Scratch that title…reverse it.
Hello world! I am honored to be a small part of the Chicken Friar community as a staff writer. Look for me to give my takes on a variety of topics as they relate to the San Diego Padres. I have a particular interest in the organization’s minor league system, but I’ll cover major league topics as well. I look forward to adding to the discussion of all things Padres and to connecting with you, the readers of this site.
When the Mat Latos trade went down, my gut reaction was: WHAT? NOOOOOOOOOOO! Immediately after (a shot or two), I scoured MLBTR’s report on the trade to find out what sort of players we received. The first name I came across was Yonder Alonso. As I looked over his stats at Baseball-Reference, I couldn’t help but ask myself…why in the world did we trade for Anthony Rizzo, Sr. when we already had Jr.?
Honestly, I saw a tremendous amount of similarity in their performances, only Alonso was a couple of years older. Both guys put up excellent MiLB offensive numbers. They both seemed to possess solid gloves. Their prospect rankings were remarkably close. The major differences between them were that Alonso had played some outfield, and he had put up good numbers in his initial major league at bats.
The differences, in my mind, weren’t enough to justify adding Alonso to the mix for Latos. Where was that stud middle infielder we so desperately need? I also found it hard to believe that Josh Byrnes and Co. had seemingly given up on Rizzo so quickly. Including Alonso in the deal seems a clear signal that Rizzo’s days are numbered. Don’t get me wrong, Alonso’s MLB numbers are great, no doubt, but the sample size is nearly as small as Rizzo’s. I had a hard time justifying how Rizzo could be judged so negatively while Alonso seemed to be getting glowing reports, yet both were just scratching the surface in terms of MLB at bats. And, their track records were close as well.
Not long after, I starting doing some research on the numbers, fully intending to prove to myself and anyone who’d listen that Anthony Rizzo deserved the starting gig at 1B and needed to be given the opportunity to show he could figure out major league pitching. I scoured Baseball-Reference as well as Fangraphs to collate some data. I was able to fairly evenly compare their performances at the different minor league levels. The biggest factor in this analysis was finding seasons with similar at bats, to keep the playing ground level. Here’s what I came up with:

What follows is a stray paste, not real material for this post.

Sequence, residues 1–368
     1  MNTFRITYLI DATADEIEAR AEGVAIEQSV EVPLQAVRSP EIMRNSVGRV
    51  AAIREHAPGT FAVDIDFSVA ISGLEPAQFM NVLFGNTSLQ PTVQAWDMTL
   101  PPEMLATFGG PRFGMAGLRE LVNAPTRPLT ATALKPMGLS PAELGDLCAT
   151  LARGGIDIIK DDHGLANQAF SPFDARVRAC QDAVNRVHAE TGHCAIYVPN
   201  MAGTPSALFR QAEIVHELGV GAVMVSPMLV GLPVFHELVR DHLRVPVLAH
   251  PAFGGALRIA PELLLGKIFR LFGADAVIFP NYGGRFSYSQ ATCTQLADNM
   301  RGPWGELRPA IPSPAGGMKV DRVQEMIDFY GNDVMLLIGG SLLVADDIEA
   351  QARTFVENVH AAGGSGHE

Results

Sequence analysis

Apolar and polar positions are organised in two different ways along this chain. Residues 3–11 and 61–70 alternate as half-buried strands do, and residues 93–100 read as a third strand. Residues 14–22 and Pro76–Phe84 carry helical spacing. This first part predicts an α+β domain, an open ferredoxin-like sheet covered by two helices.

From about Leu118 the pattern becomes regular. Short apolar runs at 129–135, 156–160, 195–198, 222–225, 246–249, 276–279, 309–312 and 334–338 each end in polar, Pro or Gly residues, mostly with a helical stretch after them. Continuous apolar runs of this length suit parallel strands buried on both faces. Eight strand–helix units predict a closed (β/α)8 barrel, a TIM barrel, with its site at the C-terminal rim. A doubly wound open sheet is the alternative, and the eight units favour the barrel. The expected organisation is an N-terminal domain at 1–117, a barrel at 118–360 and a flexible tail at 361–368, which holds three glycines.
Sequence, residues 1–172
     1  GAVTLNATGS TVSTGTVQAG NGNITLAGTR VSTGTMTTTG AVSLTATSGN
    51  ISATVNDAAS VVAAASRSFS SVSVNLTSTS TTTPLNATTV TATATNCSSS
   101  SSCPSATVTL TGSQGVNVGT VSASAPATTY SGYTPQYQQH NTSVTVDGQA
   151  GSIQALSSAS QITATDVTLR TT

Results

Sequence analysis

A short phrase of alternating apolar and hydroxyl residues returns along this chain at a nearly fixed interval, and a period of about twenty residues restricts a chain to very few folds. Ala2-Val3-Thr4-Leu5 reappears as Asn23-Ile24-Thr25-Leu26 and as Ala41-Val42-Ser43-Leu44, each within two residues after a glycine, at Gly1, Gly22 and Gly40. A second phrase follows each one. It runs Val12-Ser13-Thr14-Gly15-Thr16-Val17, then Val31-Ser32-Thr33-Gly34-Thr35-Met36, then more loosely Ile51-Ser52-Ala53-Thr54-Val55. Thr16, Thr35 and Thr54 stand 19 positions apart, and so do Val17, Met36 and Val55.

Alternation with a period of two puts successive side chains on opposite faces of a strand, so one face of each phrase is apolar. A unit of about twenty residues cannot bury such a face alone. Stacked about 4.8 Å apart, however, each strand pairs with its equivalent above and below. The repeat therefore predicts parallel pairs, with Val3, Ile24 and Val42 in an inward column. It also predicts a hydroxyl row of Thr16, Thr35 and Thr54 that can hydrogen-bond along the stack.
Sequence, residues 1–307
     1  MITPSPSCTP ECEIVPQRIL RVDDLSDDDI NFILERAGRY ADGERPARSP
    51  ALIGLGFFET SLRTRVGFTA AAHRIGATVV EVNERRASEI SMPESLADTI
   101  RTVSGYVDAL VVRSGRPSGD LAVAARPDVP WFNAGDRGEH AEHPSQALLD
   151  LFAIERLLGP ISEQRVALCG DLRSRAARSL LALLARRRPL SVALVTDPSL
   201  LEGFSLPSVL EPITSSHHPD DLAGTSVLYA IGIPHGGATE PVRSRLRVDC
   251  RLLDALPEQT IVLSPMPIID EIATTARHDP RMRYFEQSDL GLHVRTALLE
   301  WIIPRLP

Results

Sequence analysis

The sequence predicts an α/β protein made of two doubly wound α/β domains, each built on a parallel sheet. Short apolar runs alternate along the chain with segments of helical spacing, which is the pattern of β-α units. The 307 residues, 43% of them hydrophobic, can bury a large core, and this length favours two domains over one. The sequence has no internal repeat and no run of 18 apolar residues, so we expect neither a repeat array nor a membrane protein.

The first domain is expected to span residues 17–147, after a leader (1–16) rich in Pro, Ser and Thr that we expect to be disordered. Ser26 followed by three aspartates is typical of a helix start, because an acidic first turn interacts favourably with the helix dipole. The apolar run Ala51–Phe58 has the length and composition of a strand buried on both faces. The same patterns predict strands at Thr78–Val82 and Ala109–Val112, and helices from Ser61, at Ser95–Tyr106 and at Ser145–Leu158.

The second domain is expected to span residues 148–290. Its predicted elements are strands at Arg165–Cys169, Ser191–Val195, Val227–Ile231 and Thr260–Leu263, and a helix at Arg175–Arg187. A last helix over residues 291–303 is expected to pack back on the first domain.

*these numbers cover two partial seasons at that level for Alonso. I combined the two and used averages for those seasons.
For the last chunk of the table, I calculated overall averages of these selected seasons just to get an idea of where I expect their performance to gravitate towards. Granted, when looking at an average, extreme numbers tend to skew it. There is one data set for each player that might skew those averages. Rizzo’s AAA performance was sky high, as the league is a hitter’s league. But, I’d also say that Alonso’s MLB numbers are much higher than he can expect to maintain, so maybe it all evens out in the end?
As the comparison shows, Alonso is clearly the better hitter. While their BB% in these selected seasons averages out very close, it’s the K% that separates Alonso: 5.9 percentage points better. He clearly makes more contact with the ball and his BAIP average for these seasons is an impressive .341. In general terms, it seems that Rizzo hits for slightly more power, but not by a significant amount.
So, I was on a mission to prove a case for Rizzo, but the numbers seem to point to Alonso being the superior player, and it seems he should be at the top of the depth chart come spring.
However…I had an epiphany.
I was thinking about this article and the numbers while I was walking my 6-month old son to sleep for his nap (because, really, there’s nothing else to do at that point), when it hit me: the age factor.
It might seem obvious or insignificant at first, but when you stop to think about it some more, age is an important statistic in baseball. Granted, Alonso is only two years older, but that’s like 10 human years when it comes to baseball. Rizzo is practically replicating Alonso’ s performance, only he’s doing it against similar competition and he’s two years younger. Imagine a seventh grader playing on the freshman team…it’d be impressive, wouldn’t it?
That’s why, at the end of the day, I’d go with Rizzo. You know what you get with Alonso: solid production on both sides of the diamond. But…how much more room does he have to improve? Rizzo, on the other hand, is just beginning to grow into his body and is just beginning to mature as a player. If he’s putting up similar numbers but is younger, I’d go with youth because there’s a chance he can get even better. Granted, it’s a bit of a gamble, but I think if you run Rizzo out there for a full season, you’ll get at least the production of Alonso, but you might get even that much more, especially as time goes on.
So…the question is…who would you choose?